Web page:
Aerosol spread (small droplets), activate macrophages, CD3 cells form wall around - granuloma. Caseous, non-necrotising fibrotic.
Outcomes of exposure: (1) clear it (age, smoking) (2) latent (3) active TB (age, nutrition, HIV, alcohol, DM?)
In high-burden settings most MDR-TB is transmitted, rather than drug resistance.
Ro: risk of transmission per contact.. x number of contacts x duration of infectiveness
No symptoms, not infectious
Smear/culture negative, TST/IGRA positive
Pulmonary symptoms: cough, haemoptysis, chest pain, SOB
Extrapulmonary / Disseminated (spread beyond lungs): meningeal, lymph node, pleural, pericardial, peritoneal, bone, spine (Gibbus), GU, skin (lupus vulgaris)
Systemic: Fever, cough, night sweats, weight loss
Smear positive/negative, culture positive, TST/IGRA usually positive.
wide-spread haematogenous spread
Spectrum of infection
Microscopy: ZN stain, acid-fast bacilli (AFB). Specific, not sensitive. Negative (none in 100 field); +1 (<1 /field); +2 (<10/field); +3 (>10/field)
Culture: Most sensitive/specific. Species, resistance. Traditional (4-8 weeks) vs. liquid (3 weeks, expensive) culture.
Drug sensitivity testing (DST): Genotypic: Line Probe Assay (LPA); 1st/2nd line drug mutations , takes 48 hours, e.g. MODS. Phenotypic: conventional culture-based, around 6 weeks
Nucleic acid detection: Gene Xpert (tests for rifampicin resistance). Also Xpert Ultra (more sensitive, more false positive), Xpert Omni (closer to POC test).
Interferon Gamma Release Assay (IGRA) e.g. QuantiFERON / T.spot-TB. Principle: interferon gamma is a cytokine that is critical for innate and adaptive immunity, produced by T helper (CD4) white blood cells. Immune response to antigen derived from M.Tb: antigen presentation will release interferon gamma. Fresh blood samples mixed with antigens and controls. Test of “exposure”: does not distinguish active vs. latent disease. Prior BCG vaccination does not cause a false-positive.
Tuberculin (Mantoux) skin test” purified protein derivative (PPD). Delayed hypersensitivity reaction. Test of “exposure”: does not distinguish latent from active. If positive need to screen for active disease. False positive if previous BCG (in children: >5 BCG; >10 no BCG). False negative: HIV, miliary, ....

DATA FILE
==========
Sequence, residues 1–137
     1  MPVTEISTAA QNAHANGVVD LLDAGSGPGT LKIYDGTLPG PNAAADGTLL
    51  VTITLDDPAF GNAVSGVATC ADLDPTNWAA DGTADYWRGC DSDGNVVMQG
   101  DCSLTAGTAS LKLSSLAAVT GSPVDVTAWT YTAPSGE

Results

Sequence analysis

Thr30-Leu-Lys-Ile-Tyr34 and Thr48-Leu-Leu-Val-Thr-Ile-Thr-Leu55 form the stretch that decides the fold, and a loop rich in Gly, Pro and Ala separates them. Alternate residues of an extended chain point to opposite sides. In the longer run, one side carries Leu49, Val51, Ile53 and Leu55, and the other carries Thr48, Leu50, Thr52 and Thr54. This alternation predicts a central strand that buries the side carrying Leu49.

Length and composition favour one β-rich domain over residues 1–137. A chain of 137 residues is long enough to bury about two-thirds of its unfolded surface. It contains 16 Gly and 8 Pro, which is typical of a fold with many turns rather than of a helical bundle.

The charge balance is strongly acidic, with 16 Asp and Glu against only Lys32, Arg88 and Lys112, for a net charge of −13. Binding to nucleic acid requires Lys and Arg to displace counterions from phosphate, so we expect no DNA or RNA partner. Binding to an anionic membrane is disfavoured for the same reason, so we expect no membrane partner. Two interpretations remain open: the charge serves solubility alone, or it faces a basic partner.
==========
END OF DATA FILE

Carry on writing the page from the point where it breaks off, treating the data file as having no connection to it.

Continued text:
Urine: Lateral Flow Strip (LAM). Immunochromatographic, point-of-care, test. M.Tb antigen in urine. Good for disseminated TB (sens=45%; spec 92%) and HIV especially if CD4<200 or no sputum. Use with Xpert increases diagnostic yield from 50 to 80%.
R: Rifampicin (orange urine, hepatitis, ?reduced BMD)
H: Isoniazid (peripheral neuropathy)
Z: Pyrazinamide (arthralgia, increased uric acid)
E: Ethambutol (optic neuritis)
First line: RHZE for 2 months, then continue with RH for 6 months
CNS: 12 months treatment (2-months steroids)
Resistance to rifampicin and isoniazid
Second-line treatment (needs updating)
Pyrazinamide PLUS 4 core second-line drugs e.g. Levofloxacin, Kanomycin, Cyloserine, Ethionamide
Intensive phase (6M), continuation phase (20-24 months). Bangladesh 9-12 months.
Group A: Fluoroquinolone e.g. levofloxacin
Group B: injectable e.g. kanamycin, streptomycin (renal, ototoxicity)
Pre-XDR: above PLUS resistance to fluroquinolone OR injectable
XDR: above, PLUS fluoroquinolone (Group A) AND second-line injectable (Group B)
Directly Observed Treatment (DOTS): Suspected case; confirmed cases; default; failed; relapse (same strain)
When to start TB treatment if HIV +? If CD4<50 ART within 2 weeks. If CD4 >50, start within 8 weeks.
BCG (Bacillus Calmette Guerin): live vaccine, protects against severe forms in children e.g. miliary, disseminated. Protection against leprosy/buruli ulcer?? (sustained infection-local lyphadenitis)
IPT (Isoniazid Preventative Therapy): 6-12 months treatment to eradicate latent TB infection
Top 10 causes of death worldwide.
In 2015, 10.4 million people fell ill with TB and 1.8 million died from the disease (including 0.4 million among people with HIV). Over 95% of TB deaths occur in low- and middle-income countries.
Six countries account for 60% of the total, with India leading the count, followed by Indonesia, China, Nigeria, Pakistan and South Africa.
In 2015, an estimated 1 million children became ill with TB and 170 000 children died of TB (excluding children with HIV).
TB is a leading killer of HIV-positive people: in 2015, 35% of HIV deaths were due to TB.
Globally in 2015, an estimated 480 000 people developed multidrug-resistant TB (MDR-TB).
TB incidence has fallen by an average of 1.5% per year since 2000. This needs to accelerate to a 4–5% annual decline to reach the 2020 milestones of the "End TB Strategy".
An estimated 49 million lives were saved through TB diagnosis and treatment between 2000 and 2015.
Ending the TB epidemic by 2030 is among the health targets of the newly adopted Sustainable Development Goals
Surgical treatments e.g. Plombage 'collapse' therapies
1944: discovery of streptomycin and first ever RCT